A few Beloit College professors have made plenty of hay over the years by publicizing their Mindset Lists — lists of the things each new class of incoming freshmen will not be able to relate to. For example, a new class in college right now doesn’t know a world with Tupac or JonBenet Ramsey.
Kids today, amirite?
I’m of a different mindset when it comes to car prices. As I turn forty later this year — meaning if I had any sort of game in high school, I could have been the daddy of one of those incoming freshmen — I can clearly recall a time when a new car could be had for around $4,000. Not a good car, mind you — that would have been closer to $10k in 1986 — but it gives me an appropriate reference point for a modern car.
Thus, I clench a bit when I see a sticker price over $20k for a subcompact hatchback, like the one on this 2018 Kia Rio EX. It takes a mental reset to realize I can’t buy basic transportation so cheap anymore. I have to consider exactly what it is I’m getting for the money, and at that point the numbers start to make sense.
Hyundai has clearly committed itself to sporting models. While we’re positive the new N badge will attach itself to a handful of undeserving models in the years to come, go-fast versions of the overseas i30 and North American Veloster show it won’t be the norm. The brand seems to have hit upon something and intends to keep funneling high-performance models through its N sub-brand.
Now with a sporting model of its own, Kia wants in on the fun. But the Stinger GT looks to be in a safe place as the company’s premiere performance model for a while. Rather than focusing on lap times, the Korean brand intends to build smaller range of GT models with an emphasis on everyday performance. That could be a kinder way of saying “watered down,” or simply an admission that Kia wants fun-loving automobiles but knows it can’t step on Hyundai’s toes.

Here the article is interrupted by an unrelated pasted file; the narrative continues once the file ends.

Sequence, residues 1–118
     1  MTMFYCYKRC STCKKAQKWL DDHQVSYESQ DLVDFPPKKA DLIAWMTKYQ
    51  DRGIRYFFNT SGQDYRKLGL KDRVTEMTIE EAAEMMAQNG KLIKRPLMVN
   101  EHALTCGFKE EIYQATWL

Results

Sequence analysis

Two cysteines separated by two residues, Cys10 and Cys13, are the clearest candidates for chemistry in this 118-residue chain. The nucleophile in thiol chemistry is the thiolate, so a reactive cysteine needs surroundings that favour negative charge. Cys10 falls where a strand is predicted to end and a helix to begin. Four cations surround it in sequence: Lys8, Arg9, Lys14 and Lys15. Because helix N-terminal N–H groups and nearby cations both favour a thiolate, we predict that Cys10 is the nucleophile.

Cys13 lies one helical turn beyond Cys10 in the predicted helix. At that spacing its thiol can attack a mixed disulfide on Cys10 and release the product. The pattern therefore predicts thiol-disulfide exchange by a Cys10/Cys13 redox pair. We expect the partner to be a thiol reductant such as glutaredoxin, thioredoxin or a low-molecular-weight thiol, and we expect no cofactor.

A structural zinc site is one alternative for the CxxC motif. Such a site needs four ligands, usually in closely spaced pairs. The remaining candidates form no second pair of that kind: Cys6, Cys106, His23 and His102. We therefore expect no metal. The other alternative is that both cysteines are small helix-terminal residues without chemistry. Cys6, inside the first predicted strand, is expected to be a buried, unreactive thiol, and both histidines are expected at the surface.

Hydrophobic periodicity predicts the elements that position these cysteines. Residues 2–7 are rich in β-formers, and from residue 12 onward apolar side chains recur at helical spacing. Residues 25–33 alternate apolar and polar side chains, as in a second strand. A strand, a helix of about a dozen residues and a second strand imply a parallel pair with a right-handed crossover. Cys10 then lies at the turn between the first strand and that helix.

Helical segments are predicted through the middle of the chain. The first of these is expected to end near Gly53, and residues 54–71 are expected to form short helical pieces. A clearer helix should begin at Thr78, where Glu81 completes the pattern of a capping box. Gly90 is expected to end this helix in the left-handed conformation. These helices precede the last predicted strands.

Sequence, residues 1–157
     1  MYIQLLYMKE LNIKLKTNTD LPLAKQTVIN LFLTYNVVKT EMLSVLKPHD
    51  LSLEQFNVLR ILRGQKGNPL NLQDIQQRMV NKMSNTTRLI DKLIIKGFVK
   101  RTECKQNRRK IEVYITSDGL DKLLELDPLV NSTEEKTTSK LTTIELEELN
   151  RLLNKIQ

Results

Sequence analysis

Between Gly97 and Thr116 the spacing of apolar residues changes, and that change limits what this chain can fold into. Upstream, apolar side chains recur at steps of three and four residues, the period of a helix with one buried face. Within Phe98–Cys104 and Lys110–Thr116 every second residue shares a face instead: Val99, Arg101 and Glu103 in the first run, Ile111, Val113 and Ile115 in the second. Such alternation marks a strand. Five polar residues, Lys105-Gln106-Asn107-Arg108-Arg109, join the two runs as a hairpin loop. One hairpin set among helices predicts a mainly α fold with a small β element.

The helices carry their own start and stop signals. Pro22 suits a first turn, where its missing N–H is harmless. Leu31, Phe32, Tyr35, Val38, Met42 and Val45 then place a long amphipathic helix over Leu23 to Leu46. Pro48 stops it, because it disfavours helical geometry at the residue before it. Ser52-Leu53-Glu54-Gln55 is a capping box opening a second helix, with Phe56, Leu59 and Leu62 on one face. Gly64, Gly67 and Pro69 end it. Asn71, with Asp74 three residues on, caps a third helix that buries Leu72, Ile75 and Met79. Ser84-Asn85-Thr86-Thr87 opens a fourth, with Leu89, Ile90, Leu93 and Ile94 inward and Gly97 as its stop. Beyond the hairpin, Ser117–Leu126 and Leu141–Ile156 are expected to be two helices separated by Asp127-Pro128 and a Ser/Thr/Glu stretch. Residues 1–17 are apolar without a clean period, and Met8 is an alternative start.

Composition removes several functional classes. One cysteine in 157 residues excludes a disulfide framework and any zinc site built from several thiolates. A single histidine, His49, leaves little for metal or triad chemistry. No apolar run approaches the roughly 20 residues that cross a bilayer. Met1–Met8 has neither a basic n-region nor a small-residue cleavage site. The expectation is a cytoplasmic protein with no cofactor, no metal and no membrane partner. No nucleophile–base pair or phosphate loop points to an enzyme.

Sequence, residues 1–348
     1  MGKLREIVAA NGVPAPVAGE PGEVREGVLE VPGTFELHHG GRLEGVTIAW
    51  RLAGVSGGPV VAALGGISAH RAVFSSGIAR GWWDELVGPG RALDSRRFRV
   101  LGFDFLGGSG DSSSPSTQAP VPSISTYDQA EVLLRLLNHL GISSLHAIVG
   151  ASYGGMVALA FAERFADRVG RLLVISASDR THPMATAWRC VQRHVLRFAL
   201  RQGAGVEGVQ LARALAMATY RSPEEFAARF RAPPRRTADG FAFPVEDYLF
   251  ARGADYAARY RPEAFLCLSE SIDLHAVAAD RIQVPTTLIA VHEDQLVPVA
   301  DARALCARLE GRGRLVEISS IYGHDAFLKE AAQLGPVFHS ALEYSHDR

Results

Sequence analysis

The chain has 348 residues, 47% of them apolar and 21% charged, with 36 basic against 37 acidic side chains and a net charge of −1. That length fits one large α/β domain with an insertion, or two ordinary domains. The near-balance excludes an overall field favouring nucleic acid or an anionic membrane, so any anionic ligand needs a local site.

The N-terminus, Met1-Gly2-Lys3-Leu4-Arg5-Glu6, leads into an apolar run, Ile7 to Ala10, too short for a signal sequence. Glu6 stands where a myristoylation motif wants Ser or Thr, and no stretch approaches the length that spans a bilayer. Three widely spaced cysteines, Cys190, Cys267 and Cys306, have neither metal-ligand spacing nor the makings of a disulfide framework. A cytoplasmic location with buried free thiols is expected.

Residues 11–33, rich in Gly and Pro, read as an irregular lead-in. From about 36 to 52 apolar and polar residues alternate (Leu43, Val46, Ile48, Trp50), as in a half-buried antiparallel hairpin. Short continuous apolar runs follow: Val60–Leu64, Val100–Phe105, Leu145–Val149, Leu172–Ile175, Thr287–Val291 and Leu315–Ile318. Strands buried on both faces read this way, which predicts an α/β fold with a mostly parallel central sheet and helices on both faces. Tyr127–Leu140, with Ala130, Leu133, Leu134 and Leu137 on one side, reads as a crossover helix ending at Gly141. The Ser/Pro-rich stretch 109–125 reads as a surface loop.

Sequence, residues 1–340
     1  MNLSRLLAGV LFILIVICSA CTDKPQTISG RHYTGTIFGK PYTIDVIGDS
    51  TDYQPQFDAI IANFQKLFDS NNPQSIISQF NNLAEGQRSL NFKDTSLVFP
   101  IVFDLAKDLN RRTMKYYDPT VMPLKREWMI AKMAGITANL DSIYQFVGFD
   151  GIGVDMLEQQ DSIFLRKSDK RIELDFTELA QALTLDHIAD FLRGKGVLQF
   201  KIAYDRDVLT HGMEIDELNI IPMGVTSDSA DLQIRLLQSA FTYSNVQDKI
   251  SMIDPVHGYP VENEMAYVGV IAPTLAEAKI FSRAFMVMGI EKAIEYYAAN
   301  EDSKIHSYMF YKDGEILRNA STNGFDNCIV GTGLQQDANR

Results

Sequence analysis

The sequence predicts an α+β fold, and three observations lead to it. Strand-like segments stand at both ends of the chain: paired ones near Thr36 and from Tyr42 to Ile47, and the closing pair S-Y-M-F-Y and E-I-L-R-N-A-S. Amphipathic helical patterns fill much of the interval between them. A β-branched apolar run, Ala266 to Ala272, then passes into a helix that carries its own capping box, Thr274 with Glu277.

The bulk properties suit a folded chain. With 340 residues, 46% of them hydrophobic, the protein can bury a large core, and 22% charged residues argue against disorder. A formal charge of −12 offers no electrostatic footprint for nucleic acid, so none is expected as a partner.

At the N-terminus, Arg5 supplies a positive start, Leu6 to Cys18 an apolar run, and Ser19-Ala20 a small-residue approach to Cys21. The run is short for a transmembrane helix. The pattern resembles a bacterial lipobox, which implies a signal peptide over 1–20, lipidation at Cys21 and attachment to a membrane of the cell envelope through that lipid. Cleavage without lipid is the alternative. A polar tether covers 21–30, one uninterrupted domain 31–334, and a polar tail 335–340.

The sound you hear is more range coming to the Kia Soul EV, but it’s not here yet. As such, the electric version of Kia’s shockingly popular Soul remains pretty much unchanged for 2019, with one exception: you can’t get the least expensive version anymore.
For buyers living outside California, this change won’t mess with plans or cost anyone a cent. They couldn’t get their hands on one, anyway.
When an automaker decides to launch a new station wagon in Europe, it’s usually a pretty safe assumption that we won’t see it in North America. Kia’s new ProCeed, scheduled for a public debut at the Paris Motor Show next month, is the latest example of this relentless phenomenon.
Still, while we’re annoyed we have to go without yet another Eurowagon, maybe this wasn’t the one for us.
By now, you’ve probably read all about Matt’s adventures in fashion, but the unexpected reveal of Kia’s upcoming Telluride SUV during New York City’s Fashion Week has me reeling. And it shouldn’t.